How are you attempting to resolve identity?

We would love to be able to help customers more seamlessly from the mobile environment to the desktop environment or tablet environment and know who they are through a single customer view. We have a relatively low authentication rate. We looked into forcing sign-in, and it just doesn’t make commercial sense. We don’t want to scare off or otherwise upset people who would prefer to do business with us anonymously.

There are limitations to cookie-based marketing. We believe in the power of marketing to actual customers rather than cookies, so that’s what we’re focused on. We want to find ways to make it simpler to do business with us, no matter how you’re engaging with us.

Where does Signal fit into your technology strategy?

Signal is one of the pillars of our first-party data asset. Using Signal’s unique ID, we will be able to tie together multiple different unique IDs in our analytic system across devices and browsers using authentication events based on the Signal platform. The data that we’re collecting and distributing via Signal is not tied to any of our media buying and so it’s a truly independent, pure-play data collection in publishing service. That’s valuable because that lets us be less constrained on making decisions about where to spend our marketing dollars, which makes us more flexible over time as the landscape evolves, which it’s doing very quickly.

The Crocs Data Layer, leveraging the Signal platform, also makes our data portable and configurable to our business model. We can respond to things like the rapid development of Facebook’s capabilities in direct marketing, and we can take advantage of having an independent platform for our first-party targetable consumer identities. 

How do you use Signal?

We use Signal as the single platform through which we deploy all of our third-party tracking code and a good chunk of our analytics data collection code. This year we increased our second quarter year-to-year gross in ecommerce by 30%. We think that’s a result of a lot of changes we made in people, processes, and technology, and Signal has helped us address changes in all three of those.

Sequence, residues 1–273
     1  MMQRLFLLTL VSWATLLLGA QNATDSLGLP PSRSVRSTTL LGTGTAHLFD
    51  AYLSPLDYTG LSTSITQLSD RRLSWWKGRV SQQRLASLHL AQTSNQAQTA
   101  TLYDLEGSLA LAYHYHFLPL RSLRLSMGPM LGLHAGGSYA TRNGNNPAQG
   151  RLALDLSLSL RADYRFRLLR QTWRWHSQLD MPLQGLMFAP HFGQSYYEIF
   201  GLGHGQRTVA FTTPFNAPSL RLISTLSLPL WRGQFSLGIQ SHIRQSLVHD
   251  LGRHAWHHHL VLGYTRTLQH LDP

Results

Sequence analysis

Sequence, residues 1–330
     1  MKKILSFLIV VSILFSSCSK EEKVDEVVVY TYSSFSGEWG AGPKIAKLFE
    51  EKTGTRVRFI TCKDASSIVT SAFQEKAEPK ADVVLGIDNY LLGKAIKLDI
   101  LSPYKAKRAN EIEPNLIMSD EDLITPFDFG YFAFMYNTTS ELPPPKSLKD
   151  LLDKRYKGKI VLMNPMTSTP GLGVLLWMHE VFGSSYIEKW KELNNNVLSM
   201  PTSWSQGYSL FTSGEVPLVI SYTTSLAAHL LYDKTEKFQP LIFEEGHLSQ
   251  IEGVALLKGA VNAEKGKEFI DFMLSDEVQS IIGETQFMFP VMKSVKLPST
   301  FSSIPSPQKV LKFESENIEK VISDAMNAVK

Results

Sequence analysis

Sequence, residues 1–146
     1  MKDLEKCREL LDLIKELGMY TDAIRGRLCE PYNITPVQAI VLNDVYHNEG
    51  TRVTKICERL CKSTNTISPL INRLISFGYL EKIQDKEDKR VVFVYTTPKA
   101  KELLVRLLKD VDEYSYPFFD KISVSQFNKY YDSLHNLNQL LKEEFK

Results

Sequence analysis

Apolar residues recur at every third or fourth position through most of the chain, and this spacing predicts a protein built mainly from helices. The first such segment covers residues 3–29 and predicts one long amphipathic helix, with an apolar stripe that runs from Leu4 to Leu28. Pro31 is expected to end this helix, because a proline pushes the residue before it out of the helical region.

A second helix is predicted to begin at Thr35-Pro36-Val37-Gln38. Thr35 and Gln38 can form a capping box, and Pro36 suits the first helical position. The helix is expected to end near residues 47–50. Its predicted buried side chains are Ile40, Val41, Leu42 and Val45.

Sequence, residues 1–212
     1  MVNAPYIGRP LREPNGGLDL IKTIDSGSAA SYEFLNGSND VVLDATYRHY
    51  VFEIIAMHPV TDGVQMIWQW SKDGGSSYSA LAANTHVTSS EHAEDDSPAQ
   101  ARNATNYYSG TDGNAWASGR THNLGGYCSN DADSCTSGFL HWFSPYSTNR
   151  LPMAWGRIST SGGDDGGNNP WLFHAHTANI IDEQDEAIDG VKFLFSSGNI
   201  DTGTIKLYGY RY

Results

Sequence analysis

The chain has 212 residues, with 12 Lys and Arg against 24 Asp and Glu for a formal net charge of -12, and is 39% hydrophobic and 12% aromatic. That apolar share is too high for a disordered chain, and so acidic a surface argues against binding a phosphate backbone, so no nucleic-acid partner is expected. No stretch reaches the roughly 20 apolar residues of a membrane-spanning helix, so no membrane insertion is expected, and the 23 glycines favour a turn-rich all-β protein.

In terms of people, we’re much more efficient when it comes to what we can get out of development teams and our outsourcing partner. They don’t have to spend nearly as much time doing tech-based development as they previously did, so we can get more out of the same team or a smaller team.

On the process side, we’re much more streamlined on how we go to market with new marketing partners. And technology-wise, using Signal as our platform we’ve made it easier to audit control and make the data we share with our other technologically-integrated marketing partners more consistent.

What excites you about digital marketing right now?

Ecommerce can grow at the same rate it’s been growing for the last 10 years for the rest of my career and it won’t be half of all retail commerce in North America. That brings with it tons of opportunity for me, for my teams, and for the teams I’ll work with in the future. That’s pretty exciting.

Originally published November 09, 2015

Laurel Wamsley

Laurel Wamsley was the Marketing and Communications Manager at Signal, and the editor of Signal's blogs. She worked previously at the University of Chicago, Rackspace, and NPR.